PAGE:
Resource Library

Whether the current program has your camp bursting at the seams and you're considering expanding, or you're ready to look for another property to host your organization, there comes a time when you find yourself in the real estate market. Buying or selling, there are a lot of things to think about and consider as you make this huge change. This month, we're going to look at just some of the issues and items to help you begin to unravel this often complicated process.

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Each year, ACA's Eleanor P. Eells Award for Program Excellence recognizes camps that epitomize the award's namesake by developing exemplary programming that effectively and creatively responds to the needs of people and society through the camp experience. We celebrate the 2016 winners. They are all powerful examples of programs actively seeking to unlock the potential of the campers they serve by building the self-esteem, belief in themselves, and skills needed to let their inner lights shine.

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As more camps purchase an automated external defibrillator (AED), the ability to establish and effectively manage a program that supports the use and maintenance of this life-saving device is critical. The initial thrill of getting the AED must be supported by an ongoing plan that keeps the device functional, maintains staff training, and updates camp administration with applicable state and/or local regulations.

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By now you have probably figured out that you have very limited cell service at your camp and/or that you will be asked to turn off your phone while working with campers. In the technological world we now live in, it is hard to imagine life (even for a few hours) without it. I recently went shopping online for a new phone and was blown away by the number of "apps" at our fingertips (over 200,000 for the iPhone alone!). As they say, there are apps for "appsolutely" everything! There are apps for the cook, the music lover, the traveler . . . you name it, and it is out there.

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It’s Brain Science!

Psychologists have now learned that the brain is more like a muscle — it changes and gets stronger when you use it. If we take a peek inside the outside layer of the brain — called the cortex — we find billions of tiny nerve cells, called neurons. These nerve cells have branches connecting them to other cells in a complicated network. Synaptic communication between these brain cells is what allows us to think and solve problems. When we learn new things, these tiny connections in the brain actually multiply and get stronger.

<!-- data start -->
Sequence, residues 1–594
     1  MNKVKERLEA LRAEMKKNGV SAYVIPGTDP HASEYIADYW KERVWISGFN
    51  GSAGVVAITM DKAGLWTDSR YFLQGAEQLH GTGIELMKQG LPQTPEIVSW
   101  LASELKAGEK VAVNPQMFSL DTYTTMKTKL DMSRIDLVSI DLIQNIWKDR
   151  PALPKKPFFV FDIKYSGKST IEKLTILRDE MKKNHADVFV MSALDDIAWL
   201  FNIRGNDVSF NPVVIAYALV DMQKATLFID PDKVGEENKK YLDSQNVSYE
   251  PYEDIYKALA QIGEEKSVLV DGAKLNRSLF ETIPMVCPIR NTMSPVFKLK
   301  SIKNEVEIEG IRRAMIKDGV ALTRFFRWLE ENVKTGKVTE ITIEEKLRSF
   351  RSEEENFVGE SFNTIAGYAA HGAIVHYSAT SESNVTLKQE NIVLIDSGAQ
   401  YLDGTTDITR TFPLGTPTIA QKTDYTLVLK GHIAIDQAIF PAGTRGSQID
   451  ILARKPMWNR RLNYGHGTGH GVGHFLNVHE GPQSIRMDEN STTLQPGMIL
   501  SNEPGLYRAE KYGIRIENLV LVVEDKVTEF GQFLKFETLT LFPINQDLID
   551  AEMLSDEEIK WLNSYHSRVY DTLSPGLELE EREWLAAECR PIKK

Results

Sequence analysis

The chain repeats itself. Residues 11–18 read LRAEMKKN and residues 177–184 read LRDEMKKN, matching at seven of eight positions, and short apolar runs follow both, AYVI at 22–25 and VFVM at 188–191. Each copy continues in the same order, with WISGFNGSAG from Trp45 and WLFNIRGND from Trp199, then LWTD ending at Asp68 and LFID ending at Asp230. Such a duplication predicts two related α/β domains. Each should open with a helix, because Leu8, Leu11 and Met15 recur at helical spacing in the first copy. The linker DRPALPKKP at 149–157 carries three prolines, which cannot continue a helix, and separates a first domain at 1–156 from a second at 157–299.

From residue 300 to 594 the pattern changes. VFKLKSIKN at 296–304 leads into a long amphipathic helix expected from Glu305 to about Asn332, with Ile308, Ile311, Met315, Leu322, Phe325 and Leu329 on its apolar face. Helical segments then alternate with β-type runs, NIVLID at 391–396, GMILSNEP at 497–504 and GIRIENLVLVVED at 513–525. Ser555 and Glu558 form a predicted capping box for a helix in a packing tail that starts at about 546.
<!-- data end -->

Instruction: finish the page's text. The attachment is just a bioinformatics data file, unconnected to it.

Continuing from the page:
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The American Camp Association is committed to promoting healthy lifestyles for youth. In this issue of Camping Magazine we are pleased to present the second in a three-part series of "Healthy Teens" articles written by Stephen Wallace, director of counseling and counselor training at the Cape Cod Sea Camps and chairperson and CEO of SADD (Students Against Destructive Decisions), a national youth peer-to-peer education, prevention, and activism organization.

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On the occasion of my fiftieth birthday, I contemplated the unthinkable: retirement. Not that I am anywhere near ready to conclude my career, but I now know what before I refused to acknowledge: Some day there will be no more kids for me to counsel, lead, or direct. Yikes.

When I speak in schools, something I do quite a bit of, I often tackle the subject of legacy — challenging kids to think about what they want to be remembered for when they have moved on to new places and new people. What is the reputation, the legacy, they want to leave behind?

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Are Your Campers Picky Eaters?
Published Date: 2016-09-01

With arms firmly crossed and sour-faced determination, ten-year-old Jaden said, “If I have to eat that, I’ll just go hungry!” Campers paused between bites and all eyes shifted to the two counselors assigned to their table, anticipating a response.

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Christine Carter, PhD, will be giving a keynote address at the 2012 ACA National Conference. Carter is the author of Raising Happiness: 10 Simple Steps for More Joyful Kids and Happier Parents and a sociologist and happiness expert at UC Berkeley’s Greater Good Science Center. In an interview with Camping Magazine, Carter explains why happiness is integral to success and how we can promote positive emotions in campers.

The basic premise of Raising Happiness is that happiness is a skill we can teach kids. Why is happiness so important?

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E.g., 2020-02-27